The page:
Measures of mental representation: clinical and theoretical considerations.Bull Menninger Clin. 1993 Winter; 57(1):69-87.BM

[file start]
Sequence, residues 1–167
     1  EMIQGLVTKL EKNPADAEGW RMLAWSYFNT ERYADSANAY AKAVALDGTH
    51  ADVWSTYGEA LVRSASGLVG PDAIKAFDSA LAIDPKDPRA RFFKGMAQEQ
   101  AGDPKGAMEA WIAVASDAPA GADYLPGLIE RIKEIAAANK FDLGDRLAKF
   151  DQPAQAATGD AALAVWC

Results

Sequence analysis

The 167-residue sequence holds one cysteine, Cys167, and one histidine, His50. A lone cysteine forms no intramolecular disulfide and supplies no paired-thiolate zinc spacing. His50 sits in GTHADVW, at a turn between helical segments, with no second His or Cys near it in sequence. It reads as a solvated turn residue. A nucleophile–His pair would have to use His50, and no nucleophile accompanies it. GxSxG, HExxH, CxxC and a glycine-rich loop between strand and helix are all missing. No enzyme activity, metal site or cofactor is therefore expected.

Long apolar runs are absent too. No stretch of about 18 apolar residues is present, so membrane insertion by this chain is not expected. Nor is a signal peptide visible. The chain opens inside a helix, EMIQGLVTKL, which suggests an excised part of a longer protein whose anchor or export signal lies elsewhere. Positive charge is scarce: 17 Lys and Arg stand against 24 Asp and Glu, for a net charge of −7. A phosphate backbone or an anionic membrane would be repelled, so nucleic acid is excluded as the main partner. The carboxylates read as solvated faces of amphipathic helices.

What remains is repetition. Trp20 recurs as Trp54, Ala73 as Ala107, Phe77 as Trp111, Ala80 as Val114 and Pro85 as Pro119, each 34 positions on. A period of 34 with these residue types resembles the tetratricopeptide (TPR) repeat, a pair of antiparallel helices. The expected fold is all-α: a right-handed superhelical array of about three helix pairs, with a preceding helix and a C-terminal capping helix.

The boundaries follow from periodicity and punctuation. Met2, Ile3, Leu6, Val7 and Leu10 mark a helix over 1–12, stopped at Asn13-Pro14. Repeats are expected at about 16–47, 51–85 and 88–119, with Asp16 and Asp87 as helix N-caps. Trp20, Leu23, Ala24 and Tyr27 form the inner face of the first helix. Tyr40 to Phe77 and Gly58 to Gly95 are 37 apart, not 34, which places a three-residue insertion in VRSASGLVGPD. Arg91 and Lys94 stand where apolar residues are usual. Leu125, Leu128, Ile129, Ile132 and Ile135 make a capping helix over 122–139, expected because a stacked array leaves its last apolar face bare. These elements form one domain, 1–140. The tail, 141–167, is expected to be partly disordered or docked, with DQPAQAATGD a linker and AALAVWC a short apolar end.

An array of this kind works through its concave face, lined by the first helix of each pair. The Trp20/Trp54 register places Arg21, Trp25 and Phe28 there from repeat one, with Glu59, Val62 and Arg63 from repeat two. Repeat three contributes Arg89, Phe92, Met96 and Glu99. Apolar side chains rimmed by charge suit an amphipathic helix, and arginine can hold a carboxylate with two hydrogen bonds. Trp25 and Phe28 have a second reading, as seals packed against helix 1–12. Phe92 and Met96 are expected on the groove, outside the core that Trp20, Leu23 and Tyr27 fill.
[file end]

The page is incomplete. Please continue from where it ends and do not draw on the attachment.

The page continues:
The authors explored the strengths and limitations of measures of mental representation from attachment theory and object relations theory. Using a study of adolescent mothers' mental representations while pregnant and their association to later mother-infant attachment (Levine, Tuber, Slade, & Ward, 1991), they compared the Adult Attachment Interview (AAI) (George, Kaplan, & Main, 1985) and the Krohn Object Representation Scale (KORS) (Krohn & Mayman, 1974) in terms of their clinical and theoretical utility. The authors argue that the AAI does not sufficiently explicate less adaptive object-representations, and that attachment research must address a broader clinical population to have a greater heuristic impact on clinical theory and practice. The AAI relies less on clinical inference than the KORS, however, thus providing a more viable mechanism for predicting parent-child relationship patterns. Clinical examples are provided to illustrate the process and content of the two scoring systems.